Fowl care is not foul
Al Petrillo/Special to The Explorer, Green Fields third grade teacher Heather Moore displays the rooster, James Bond, inside the chicken coop to students, from left, Quinn Teller (face hidden), Lola Wagelie, Omar Alkayat and Ella Thurston.

James Bond is henpecked.

It’s probably because he’s the only male living with 11 females.

It also might be because James Bond is a Brahma Bantam rooster.

James Bond and his 11 hen friends are part of a small business project in Heather Moore’s third grade class at Green Fields Country Day School.

Moore’s 20 third-graders are in charge of the chickens, and that the hands-on task of caring for them helps the students learn responsibility and develop self-esteem.

“The kids are responsible for collecting eggs, and feeding and watering the chickens daily,” Moore said, “as well as cleaning the chicken coop and caged area. They feed the chickens grain pellets, corn, apples, grapes and table scraps, and when they clean the coop area, they rake it all out and put down fresh straw in the boxes and clean the stuccoed hay bale structure.”

The straw and other detritus is composted and used in the gardens, where the third graders raise vegetables and herbs, another part of their small business project.

Besides James Bond, the chicken coop holds several hen varieties, including Ameraucanas, Orpingtons, Barred Rocks, Sultans and Rhode Island Reds.

Ella Thurston, 8, is particularly fond of James Bond.

“He’s my favorite,” she said, cradling the rooster in her arms. “The hens pick on him and peck at him, but we protect him.”

Classmate Quinn Teller, 8, said he’s learned a lot about animals by caring for the chickens. “Some of them don’t get along with others,” he said. “We have one chicken who lost an eye by being pecked. Her name is Hazel, but we call her One Eye.”

Lola Wagelie, 8, noted that it’s hard work taking care of the chickens, “but we enjoy it because we get to switch jobs every day and do something different in the coop.”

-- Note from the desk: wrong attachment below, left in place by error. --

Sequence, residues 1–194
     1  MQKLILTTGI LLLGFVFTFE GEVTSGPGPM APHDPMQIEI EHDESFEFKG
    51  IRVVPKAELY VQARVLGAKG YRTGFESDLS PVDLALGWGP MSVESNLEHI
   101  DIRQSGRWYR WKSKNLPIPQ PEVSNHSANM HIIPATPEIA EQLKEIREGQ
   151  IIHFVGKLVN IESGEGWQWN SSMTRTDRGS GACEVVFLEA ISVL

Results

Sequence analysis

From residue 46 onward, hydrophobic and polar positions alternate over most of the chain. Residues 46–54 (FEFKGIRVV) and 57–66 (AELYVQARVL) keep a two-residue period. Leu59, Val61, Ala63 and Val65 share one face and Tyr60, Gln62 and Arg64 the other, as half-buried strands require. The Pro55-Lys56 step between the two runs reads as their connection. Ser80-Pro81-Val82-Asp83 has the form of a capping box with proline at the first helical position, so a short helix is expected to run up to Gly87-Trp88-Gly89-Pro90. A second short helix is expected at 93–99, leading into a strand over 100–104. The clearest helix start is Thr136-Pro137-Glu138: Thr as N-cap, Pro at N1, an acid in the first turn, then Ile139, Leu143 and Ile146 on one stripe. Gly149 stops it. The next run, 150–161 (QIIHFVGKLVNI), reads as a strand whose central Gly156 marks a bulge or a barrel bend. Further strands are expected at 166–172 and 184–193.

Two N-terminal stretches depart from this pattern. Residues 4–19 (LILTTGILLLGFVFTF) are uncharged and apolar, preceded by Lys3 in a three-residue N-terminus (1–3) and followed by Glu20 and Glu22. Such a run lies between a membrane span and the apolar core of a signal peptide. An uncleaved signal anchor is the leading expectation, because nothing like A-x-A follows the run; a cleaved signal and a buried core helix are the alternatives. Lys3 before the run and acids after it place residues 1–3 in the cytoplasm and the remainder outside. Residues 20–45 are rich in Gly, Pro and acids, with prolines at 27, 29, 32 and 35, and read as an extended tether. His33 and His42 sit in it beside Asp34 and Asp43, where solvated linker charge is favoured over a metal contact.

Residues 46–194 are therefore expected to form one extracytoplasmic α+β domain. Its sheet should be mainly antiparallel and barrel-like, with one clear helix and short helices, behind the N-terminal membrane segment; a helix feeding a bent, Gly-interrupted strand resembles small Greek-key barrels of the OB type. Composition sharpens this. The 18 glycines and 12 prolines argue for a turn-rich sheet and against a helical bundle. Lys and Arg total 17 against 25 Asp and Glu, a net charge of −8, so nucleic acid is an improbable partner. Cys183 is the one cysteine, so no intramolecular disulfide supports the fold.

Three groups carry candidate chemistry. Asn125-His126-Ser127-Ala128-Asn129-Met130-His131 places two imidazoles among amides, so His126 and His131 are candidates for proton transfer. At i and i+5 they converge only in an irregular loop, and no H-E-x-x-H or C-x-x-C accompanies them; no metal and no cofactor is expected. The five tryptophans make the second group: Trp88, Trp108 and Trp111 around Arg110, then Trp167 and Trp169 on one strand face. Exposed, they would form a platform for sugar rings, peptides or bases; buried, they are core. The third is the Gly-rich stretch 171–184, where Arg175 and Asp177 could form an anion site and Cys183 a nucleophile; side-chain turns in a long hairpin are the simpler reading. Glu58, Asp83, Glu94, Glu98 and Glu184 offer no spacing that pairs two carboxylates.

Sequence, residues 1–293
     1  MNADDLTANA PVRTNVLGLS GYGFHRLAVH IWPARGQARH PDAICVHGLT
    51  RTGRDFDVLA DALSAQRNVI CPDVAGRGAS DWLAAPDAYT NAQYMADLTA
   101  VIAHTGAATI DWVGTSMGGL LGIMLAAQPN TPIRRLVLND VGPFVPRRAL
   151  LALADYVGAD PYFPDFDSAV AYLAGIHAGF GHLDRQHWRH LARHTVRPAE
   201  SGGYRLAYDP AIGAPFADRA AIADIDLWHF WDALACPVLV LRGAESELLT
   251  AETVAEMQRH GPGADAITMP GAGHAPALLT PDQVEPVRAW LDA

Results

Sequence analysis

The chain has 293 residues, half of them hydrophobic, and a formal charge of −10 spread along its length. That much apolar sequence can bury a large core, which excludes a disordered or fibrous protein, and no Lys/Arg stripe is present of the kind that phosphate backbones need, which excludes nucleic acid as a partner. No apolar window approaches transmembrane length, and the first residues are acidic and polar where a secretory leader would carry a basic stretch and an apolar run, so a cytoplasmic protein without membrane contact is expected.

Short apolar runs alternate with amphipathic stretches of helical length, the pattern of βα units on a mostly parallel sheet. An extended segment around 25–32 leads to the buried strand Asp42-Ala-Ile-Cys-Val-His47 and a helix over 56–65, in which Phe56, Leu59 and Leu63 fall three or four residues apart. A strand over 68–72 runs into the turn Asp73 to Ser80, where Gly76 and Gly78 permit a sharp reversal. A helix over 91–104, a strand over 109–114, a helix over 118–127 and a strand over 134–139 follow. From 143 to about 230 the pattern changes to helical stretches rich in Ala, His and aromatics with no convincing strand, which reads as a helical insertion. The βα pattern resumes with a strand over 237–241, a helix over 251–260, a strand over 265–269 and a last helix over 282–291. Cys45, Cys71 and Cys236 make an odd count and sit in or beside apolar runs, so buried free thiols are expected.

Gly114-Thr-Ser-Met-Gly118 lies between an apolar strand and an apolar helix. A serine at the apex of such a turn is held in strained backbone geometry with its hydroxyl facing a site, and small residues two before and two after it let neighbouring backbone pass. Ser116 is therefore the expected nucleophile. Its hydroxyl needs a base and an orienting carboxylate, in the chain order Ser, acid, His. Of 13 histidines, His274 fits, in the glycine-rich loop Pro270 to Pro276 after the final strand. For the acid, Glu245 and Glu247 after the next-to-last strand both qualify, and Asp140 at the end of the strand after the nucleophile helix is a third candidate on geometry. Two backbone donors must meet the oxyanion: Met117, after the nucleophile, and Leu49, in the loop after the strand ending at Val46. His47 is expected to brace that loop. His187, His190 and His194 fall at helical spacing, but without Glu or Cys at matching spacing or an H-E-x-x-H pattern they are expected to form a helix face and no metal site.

Her classmate, Omar Alkayat, believes collecting the eggs is the best part of taking care of the animals.

“The chickens lay about 10 eggs a day in season,” Moore said, “and the children gather the eggs daily for sale at the school and at its monthly farmers market.”

The third graders handle the money from egg sales and select a non-profit to donate their proceeds.

Diana Hill, Lower School principal, pointed out that through the project, the children learn about marketing, gardening, botany, sales, animal husbandry and community service.

“Innovative, hands-on learning is a novelty in this test-based era of education,” Hill said. “We were fortunate that Heidi Baldwin, the parent of an alumnus, donated money and material to have a ramada rebuilt as a chicken coop, fenced and landscaped the adjacent area and donated the 12 chickens.”

More innovation is in store for the Green Fields chickens soon. The school intends on installing a camera in the chicken coop as part of a technology upgrade.

“That way, the kids and their parents can use the chicken cam to keep an eye on the chickens,” Hill said, “even from home.”

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